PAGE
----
Gate Valves work by inserting a rectangular gate or wedge into the path of a flowing fluid. They are operated by a threaded stem which connects the actuator (generally a hand wheel or motor) to the stem of the gate. If the valve has a rising stem its position can be seen just by looking at the position of the stem.


This valve type is generally used to completely shut off fluid flow or, in the fully open position, provide full flow in a pipeline. Thus it is used either in the fully closed or fully open positions. A Gate Valve consists of a valve body, seat and disc, a spindle, gland, and a wheel for operating the valve. The seat and the gate together perform the function of shutting off the flow of fluid.

Popular Manufacturers:


Wedge Gate Valve

  • Glenfield
  • Wolstenholmes
  • HNH
  • Triangle
  • Heaton
  • Blakeborough
  • Sella
  • Chapman
  • Crane
  • Velan

  • Ham Baker
  • Raimondi
  • Walworth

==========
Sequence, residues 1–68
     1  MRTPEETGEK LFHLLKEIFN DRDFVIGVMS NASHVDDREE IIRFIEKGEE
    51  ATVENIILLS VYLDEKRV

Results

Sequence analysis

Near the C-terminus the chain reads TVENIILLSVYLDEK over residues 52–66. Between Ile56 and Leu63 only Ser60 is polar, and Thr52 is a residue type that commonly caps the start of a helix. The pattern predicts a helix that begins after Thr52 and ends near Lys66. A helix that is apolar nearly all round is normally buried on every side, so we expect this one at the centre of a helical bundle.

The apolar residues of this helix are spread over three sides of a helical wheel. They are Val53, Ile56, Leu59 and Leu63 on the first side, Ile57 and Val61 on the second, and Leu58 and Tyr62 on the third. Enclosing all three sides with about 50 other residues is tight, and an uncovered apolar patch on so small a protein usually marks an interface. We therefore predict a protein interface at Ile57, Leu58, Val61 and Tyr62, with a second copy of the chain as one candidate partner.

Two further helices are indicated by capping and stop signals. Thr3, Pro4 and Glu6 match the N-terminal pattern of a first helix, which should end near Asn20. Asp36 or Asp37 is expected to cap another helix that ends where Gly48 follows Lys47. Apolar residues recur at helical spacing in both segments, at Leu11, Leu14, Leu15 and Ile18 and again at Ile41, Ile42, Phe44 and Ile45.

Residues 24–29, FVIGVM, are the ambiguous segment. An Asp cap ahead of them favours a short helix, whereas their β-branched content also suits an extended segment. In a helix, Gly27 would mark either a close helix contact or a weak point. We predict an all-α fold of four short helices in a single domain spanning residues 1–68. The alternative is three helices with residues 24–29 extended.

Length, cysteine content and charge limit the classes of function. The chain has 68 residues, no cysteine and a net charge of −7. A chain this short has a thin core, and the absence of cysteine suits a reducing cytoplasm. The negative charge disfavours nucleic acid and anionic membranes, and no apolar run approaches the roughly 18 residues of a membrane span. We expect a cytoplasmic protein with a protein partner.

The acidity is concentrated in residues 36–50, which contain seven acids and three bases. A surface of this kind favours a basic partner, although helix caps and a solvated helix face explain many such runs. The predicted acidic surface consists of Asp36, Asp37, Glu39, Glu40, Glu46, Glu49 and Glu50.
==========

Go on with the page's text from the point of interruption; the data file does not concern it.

• Hindle
  • Langley
  • LVF
  • Taylor
  • TT
  • Valvo Sider
  • Walworth

  • Fivi
  • Marchant
  • Kitz
  • Firsa
  • Weir Pacific
  • Holmes
  • Orion
  • Poyam
  • Donkin
  • Smith

  • MM
  • OMB Soleri
  • Malbranque
  • Guest & Chrimes
  • Sealand
  • Bonney
  • Douglas Chero
  • Fivalco
  • Shipham
  • Kitz 5
  • Fluval



Leak Rates for Valves


All valves are designed to meet a designated internal permissible leak rate standard (FCI/ANSI).  There are six (6) permissible leak rates or Classes numbered 1 through VI. The higher the leak rate number, the lower permissible internal leak rate.

  • Class I valves will have the highest internal leak rate and usually the lowest cost.
  • Class VI valves will have the lowest permissible internal leak rate therefore cost will increase.

Identifying the permissible internal leak rate for a valve has to be one of the top priorities when choosing the correct valve.  A valve with a high leak rate, will cause excessive wear. The valves with a high leak rate will internally pass more medium and result in premature valve failure.

There are six different seat leakage classifications as defined by ANSI FCI 70-2.

  • Class I: is also known as dust tight and can refer to metal or resilient seated valves.
  • Class IV: is also known as metal to metal. It is the kind of leakage rate you can expect from a valve with a metal shut-off disc and metal seat.
  • Class Vl: is known as a soft seat classification. Soft Seat Valves are those where the seat or shut-off disc or both are made from some kind of resilient material such as Teflon.